Osmolyte-induced conformational changes in the Hsp90 molecular chaperone


  • Timothy O. Street,

    1. Department of Biochemistry and Biophysics, University of California, San Francisco, California 94158-2517
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  • Kristin A. Krukenberg,

    1. Department of Biochemistry and Biophysics, University of California, San Francisco, California 94158-2517
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  • Jörg Rosgen,

    1. Department of Biochemistry and Molecular Biology, University of Texas Medical Branch, Galveston, Texas 77555-1052
    2. Department of Biochemistry and Molecular Biology, Penn State College of Medicine, Hershey, PA 17033-0850
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  • D. Wayne Bolen,

    1. Department of Biochemistry and Molecular Biology, University of Texas Medical Branch, Galveston, Texas 77555-1052
    2. The Sealy Center for Structural Biology, University of Texas Medical Branch, Galveston, Texas 77555-1052
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  • David A. Agard

    Corresponding author
    1. Department of Biochemistry and Biophysics, University of California, San Francisco, California 94158-2517
    2. The Howard Hughes Medical Institute, University of California, San Francisco, California 94158-2517
    • Department of Biochemistry and Biophysics, University of California, San Francisco, CA 94158-2517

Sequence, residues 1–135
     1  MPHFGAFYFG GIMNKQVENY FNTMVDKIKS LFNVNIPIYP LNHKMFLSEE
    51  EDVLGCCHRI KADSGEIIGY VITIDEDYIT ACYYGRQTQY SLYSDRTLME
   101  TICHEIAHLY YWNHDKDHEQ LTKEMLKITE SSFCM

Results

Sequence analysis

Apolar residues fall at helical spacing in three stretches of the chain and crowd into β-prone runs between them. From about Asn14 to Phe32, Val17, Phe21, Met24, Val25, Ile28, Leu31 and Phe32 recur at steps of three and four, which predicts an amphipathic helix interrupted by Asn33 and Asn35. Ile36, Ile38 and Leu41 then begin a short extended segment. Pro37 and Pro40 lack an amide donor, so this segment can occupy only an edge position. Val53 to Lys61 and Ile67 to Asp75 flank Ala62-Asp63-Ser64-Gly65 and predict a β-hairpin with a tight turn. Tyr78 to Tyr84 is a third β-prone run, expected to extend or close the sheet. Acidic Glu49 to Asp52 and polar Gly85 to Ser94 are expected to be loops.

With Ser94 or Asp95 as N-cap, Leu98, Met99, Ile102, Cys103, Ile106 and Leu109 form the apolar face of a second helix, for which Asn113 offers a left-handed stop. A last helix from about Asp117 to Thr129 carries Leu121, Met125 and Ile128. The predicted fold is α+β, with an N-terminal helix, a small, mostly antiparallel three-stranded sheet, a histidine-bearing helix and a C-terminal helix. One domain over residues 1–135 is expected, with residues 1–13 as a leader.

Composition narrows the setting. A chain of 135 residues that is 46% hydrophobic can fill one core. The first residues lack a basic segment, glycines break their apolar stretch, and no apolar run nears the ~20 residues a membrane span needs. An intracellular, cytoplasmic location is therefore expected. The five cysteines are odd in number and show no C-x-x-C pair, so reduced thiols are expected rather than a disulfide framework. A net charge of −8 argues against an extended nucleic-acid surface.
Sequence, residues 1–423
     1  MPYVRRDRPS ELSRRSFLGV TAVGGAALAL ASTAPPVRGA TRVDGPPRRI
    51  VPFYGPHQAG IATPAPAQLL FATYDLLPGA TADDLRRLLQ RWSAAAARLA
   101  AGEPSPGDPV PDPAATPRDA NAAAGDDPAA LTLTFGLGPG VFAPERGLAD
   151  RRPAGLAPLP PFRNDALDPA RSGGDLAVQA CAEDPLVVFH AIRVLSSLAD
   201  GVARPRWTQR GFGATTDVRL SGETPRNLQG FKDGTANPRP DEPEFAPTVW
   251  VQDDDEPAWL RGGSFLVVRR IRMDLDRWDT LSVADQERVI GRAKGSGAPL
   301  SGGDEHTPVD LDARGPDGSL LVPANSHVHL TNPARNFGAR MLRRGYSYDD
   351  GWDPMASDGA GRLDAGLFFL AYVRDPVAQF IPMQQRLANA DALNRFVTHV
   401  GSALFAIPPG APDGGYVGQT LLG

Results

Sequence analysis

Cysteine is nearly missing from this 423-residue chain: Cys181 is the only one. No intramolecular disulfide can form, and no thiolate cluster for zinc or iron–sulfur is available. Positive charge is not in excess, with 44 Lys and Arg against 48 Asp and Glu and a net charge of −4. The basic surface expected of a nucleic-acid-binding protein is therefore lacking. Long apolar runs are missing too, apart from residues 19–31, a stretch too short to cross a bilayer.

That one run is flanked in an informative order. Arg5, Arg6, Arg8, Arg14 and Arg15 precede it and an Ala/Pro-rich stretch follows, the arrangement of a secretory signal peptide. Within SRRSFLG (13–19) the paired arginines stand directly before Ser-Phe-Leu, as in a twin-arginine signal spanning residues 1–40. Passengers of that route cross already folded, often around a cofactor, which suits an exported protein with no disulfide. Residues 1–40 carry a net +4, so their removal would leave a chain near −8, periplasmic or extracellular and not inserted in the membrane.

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Osmolytes are small molecules that play a central role in cellular homeostasis and the stress response by maintaining protein thermodynamic stability at controlled levels. The underlying physical chemistry that describes how different osmolytes impact folding free energy is well understood, however little is known about their influence on other crucial aspects of protein behavior, such as native-state conformational changes. Here we investigate this issue with the Hsp90 molecular chaperone, a large dimeric protein that populates a complex conformational equilibrium. Using small angle X-ray scattering we observe dramatic osmolyte-dependent structural changes within the native ensemble. The degree to which different osmolytes affect the Hsp90 conformation strongly correlates with thermodynamic metrics of their influence on stability. This observation suggests that the well-established osmolyte principles that govern stability also apply to large-scale conformational changes, a proposition that is corroborated by structure-based fitting of the scattering data, surface area comparisons and m-value analysis. This approach shows how osmolytes affect a highly cooperative open/closed structural transition between two conformations that differ by a domain-domain interaction. Hsp90 adopts an additional ligand-specific conformation in the presence of ATP and we find that osmolytes do not significantly affect this conformational change. Together, these results extend the scope of osmolytes by suggesting that they can maintain protein conformational heterogeneity at controlled levels using similar underlying principles that allow them to maintain protein stability; however the relative impact of osmolytes on different structural states can vary significantly.